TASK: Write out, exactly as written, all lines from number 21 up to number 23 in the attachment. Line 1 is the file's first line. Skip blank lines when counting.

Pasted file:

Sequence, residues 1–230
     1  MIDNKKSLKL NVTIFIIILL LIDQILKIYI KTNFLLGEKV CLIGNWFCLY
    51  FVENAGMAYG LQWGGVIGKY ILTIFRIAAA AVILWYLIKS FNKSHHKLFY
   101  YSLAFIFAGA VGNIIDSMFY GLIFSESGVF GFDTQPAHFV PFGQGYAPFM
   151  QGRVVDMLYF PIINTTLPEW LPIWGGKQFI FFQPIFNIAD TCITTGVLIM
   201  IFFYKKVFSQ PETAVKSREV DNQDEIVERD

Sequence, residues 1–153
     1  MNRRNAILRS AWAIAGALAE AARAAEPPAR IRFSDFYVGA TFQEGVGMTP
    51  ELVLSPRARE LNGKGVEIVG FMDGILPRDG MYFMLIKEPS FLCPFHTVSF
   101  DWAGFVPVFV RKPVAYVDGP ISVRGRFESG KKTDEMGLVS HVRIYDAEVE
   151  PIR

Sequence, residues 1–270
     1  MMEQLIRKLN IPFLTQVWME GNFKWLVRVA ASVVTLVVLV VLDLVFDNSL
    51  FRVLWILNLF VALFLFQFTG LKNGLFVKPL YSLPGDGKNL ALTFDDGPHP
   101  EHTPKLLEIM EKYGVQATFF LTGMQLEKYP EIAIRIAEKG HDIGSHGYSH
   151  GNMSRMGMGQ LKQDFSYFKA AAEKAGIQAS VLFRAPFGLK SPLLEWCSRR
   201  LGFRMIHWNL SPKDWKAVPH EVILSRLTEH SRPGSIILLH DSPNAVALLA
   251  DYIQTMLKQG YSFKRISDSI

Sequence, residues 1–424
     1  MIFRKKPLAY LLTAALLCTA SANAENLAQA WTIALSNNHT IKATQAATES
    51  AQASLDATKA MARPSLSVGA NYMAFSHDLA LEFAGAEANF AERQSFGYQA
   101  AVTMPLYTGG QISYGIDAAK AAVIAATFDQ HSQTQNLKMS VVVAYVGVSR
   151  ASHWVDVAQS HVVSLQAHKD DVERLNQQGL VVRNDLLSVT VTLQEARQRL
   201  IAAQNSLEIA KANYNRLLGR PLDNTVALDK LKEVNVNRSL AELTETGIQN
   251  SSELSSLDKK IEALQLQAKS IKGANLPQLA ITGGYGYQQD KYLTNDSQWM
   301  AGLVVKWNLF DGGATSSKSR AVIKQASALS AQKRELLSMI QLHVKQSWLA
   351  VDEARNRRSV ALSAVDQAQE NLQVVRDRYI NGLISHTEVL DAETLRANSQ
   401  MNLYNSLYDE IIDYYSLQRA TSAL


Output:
    51  AQASLDATKA MARPSLSVGA NYMAFSHDLA LEFAGAEANF AERQSFGYQA
   101  AVTMPLYTGG QISYGIDAAK AAVIAATFDQ HSQTQNLKMS VVVAYVGVSR
   151  ASHWVDVAQS HVVSLQAHKD DVERLNQQGL VVRNDLLSVT VTLQEARQRL